Sean Schumacher

Assistant Professor of Graphic Design

Hot House Gala brand and collateral, 2017

Interview by:

Whitney Mokler 

April 6, 2020

W: Historically, have you found yourself feeling the most creatively fulfilled by the work you do professionally or outside of that? 

 

S: Very much so in the work I currently do professionally. After I graduated from PSU many years ago, I taught and practiced as an artist/designer simultaneously. Then I left for my non-profit career—I gave up teaching. I found that I was not as creative and I approached problems in a less dynamic way. That's one of the things that I will often hear from colleagues. Something about teaching design messes with your brain and makes you explore problems differently, faster, smarter, and more dynamically. 

 

W: Help each other, help yourself. 

 

S: Exactly! Here's a great quote for a throw pillow, "It's like you are teaching us." I think there is something to that. Students approach problems in a million different ways that us teachers are not expecting. That is really exciting!

W: With feeling creatively fulfilled as a teacher, do you have a practice outside of teaching that you feel fuels the creative drive within yourself? 

 

S: Yes, but I think I need to expand it. This position is contingent on producing a lot of creative output. That's hard, juggling your ordinary course work with a personal practice. In addition, I'm doing a bunch of special projects for the school’s office, creating vinyl signage for the galleries, acting as sort of an exhibition designer, etc. I think especially with the special projects, it's often a very creative and complicated thing. The projects require a lot of time and effort to make it right, but a lot of them will pay off dividends in the long term for every person who will go to PSU for the next 50 years. I'm really excited to work on things like that and I find it really creatively fulfilling.

"I'm really excited to work on things like that and I find it really creatively fulfilling."

W: How do you find your creative drive impacted by times of high stress? Including right now as we are in the midst of the Covid-19 pandemic?

S: How do I find my creative drive impacted by times of high stress? In short: a lot. Managing stress is an area I have not traditionally excelled in, which is odd considering that much of my practice has landed me in situations that are actively on fire, from live productions to ongoing festivals to short-turnaround projects. It becomes creatively stifling, and I often find myself retreating to familiar if otherwise wrong solutions to problems; I tend to become less willing to attempt or explore new things creatively, skirting past early process stages that end up costing me time later in a project. I think, though, this has not been a situation I've reacted to exactly the same way. Perhaps partly that is having a good supportive cohort around me, including my partner, the best dang teaching faculty in all of graphic design, and incredible, inspiring students. In situations like this, the students keep me (and, really, us) going, believing in a better tomorrow past the end of all this.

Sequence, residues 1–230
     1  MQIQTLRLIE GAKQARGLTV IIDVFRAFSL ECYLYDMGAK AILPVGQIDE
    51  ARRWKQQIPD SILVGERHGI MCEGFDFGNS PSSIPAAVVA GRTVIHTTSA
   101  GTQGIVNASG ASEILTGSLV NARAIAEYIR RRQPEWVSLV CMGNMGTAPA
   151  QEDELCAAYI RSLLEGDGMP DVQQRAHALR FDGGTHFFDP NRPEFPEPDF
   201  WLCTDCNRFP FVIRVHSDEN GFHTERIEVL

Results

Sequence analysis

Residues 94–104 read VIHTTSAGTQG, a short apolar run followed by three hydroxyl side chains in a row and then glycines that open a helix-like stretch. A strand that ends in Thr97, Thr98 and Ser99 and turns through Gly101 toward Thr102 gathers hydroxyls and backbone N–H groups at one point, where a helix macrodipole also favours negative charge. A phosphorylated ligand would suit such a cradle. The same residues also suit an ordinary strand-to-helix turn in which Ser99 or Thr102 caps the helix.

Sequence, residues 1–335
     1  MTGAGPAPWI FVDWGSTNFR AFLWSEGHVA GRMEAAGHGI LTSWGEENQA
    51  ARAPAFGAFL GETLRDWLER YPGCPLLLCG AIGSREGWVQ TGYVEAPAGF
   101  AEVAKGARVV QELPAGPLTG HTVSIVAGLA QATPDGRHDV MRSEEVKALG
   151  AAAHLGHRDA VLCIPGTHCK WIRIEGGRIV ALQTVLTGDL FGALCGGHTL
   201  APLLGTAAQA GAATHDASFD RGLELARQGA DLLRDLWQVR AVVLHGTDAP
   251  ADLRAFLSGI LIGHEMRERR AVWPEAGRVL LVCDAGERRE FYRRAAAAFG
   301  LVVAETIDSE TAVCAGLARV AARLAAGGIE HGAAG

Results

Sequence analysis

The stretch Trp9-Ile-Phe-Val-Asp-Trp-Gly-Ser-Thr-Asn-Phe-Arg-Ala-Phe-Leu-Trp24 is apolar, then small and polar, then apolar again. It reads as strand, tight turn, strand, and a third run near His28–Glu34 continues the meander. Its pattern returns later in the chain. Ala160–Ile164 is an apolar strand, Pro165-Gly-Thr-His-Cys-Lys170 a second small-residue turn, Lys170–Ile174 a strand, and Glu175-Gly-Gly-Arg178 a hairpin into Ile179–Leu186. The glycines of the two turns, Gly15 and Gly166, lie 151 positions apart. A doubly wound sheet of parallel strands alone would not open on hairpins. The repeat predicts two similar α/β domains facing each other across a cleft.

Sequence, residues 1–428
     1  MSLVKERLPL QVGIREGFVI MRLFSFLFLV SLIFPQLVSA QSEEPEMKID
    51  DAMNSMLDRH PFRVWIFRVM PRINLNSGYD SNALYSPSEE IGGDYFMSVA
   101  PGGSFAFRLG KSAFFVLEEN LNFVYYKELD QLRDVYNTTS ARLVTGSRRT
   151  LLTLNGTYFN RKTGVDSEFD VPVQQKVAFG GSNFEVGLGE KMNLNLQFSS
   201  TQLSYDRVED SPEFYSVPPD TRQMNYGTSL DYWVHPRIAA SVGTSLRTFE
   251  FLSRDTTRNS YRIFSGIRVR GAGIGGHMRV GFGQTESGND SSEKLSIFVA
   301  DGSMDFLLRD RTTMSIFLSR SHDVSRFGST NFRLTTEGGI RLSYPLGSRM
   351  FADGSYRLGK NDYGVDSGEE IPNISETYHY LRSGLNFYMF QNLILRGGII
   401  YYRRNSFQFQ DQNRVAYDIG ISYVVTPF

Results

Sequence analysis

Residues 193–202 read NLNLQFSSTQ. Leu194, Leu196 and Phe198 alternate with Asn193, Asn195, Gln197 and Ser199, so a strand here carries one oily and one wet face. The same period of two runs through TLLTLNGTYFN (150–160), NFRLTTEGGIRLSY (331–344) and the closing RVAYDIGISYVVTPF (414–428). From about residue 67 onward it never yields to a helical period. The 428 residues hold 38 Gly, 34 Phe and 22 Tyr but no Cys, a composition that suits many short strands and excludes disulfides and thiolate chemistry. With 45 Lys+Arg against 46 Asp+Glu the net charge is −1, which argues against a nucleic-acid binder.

W: What are 3 tips you have for finding creative inspiration/outlet when in isolation or a high stress environment?

    The best tip for keeping stress managed is to consciously not let it overwhelm you. Easier said than done, perhaps, but in my experience, there is a metaphorical valve in one's mind that lets stress out, and once you unseal the valve, it has a way of becoming impossible to reseal. Bad moods beget bad moods, and the proportion of badness gets even higher when you take into account how it spreads to others.

    Find something outside of what graphic design is immediately supposed to represent creatively that brings you joy; if I didn't have comedy to lean back into, I might be much worse off than I am now. I tend to feel better, too, when I lean further into that divide; David Reinfurt calls graphic design "the discipline without the discipline of another discipline" and that is one of the great advantages of our fields. Find your joy and hold it tighter. It might fit with where you want to be better than you would expect.

    I manage stress with research—weird, I know. But in my times of greatest stress or uncertainty, I often end up looking back to the past for guidance. We are in a wholly unique situation, but it isn't the first and won't be the last. Knowing in the resiliency of institutions and ideas through times such as these helps give me solace in ways other things don't. Structure is reassuring to my brain and probably lots of others too; finding how a thing you are uncertain about came into being and how it's stuck around—or evolved around strife to become what it is today—can give more sense in the continuity of human thought.

"Find your joy and

hold it tighter. It might fit with where you want to be better than you would expect."

W: If you could create any project right now with unlimited time, energy, and resources, what would it be?

S: A new building for the PSU School of Art and Design. But, not just any building. What I would love to see for us  would center around a whole new way of learning about art, design, and art history centered around community.

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